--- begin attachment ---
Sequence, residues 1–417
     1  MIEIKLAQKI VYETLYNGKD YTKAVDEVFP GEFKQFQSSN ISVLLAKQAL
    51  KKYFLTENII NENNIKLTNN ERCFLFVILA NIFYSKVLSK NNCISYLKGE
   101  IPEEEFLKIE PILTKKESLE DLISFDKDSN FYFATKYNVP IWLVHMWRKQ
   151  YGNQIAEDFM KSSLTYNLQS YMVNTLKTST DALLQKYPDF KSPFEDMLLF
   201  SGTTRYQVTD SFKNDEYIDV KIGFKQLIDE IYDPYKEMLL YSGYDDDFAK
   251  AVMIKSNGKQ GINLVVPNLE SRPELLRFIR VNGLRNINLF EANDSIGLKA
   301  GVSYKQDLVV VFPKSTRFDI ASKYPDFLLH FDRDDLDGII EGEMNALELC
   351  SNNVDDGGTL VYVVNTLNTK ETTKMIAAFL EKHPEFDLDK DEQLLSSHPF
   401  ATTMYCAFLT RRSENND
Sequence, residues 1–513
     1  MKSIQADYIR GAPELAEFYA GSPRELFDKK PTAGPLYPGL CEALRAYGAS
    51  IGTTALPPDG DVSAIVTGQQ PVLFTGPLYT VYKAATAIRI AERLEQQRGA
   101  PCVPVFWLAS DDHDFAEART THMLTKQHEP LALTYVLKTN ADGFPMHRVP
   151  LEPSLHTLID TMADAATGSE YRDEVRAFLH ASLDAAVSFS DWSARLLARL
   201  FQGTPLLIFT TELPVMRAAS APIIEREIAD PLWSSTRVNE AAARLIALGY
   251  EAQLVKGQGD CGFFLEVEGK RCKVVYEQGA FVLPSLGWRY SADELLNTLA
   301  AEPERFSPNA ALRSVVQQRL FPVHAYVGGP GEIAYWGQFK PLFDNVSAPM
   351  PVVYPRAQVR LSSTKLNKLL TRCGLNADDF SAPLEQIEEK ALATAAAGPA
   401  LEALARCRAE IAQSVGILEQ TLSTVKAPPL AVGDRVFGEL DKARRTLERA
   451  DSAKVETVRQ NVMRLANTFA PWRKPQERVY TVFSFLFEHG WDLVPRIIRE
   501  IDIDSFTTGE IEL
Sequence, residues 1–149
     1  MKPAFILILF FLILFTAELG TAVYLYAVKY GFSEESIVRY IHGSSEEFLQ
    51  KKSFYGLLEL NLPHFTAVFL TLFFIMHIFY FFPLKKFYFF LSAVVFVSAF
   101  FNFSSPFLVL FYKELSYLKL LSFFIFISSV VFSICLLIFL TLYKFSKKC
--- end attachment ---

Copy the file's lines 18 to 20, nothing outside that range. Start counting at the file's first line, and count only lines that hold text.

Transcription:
   301  AEPERFSPNA ALRSVVQQRL FPVHAYVGGP GEIAYWGQFK PLFDNVSAPM
   351  PVVYPRAQVR LSSTKLNKLL TRCGLNADDF SAPLEQIEEK ALATAAAGPA
   401  LEALARCRAE IAQSVGILEQ TLSTVKAPPL AVGDRVFGEL DKARRTLERA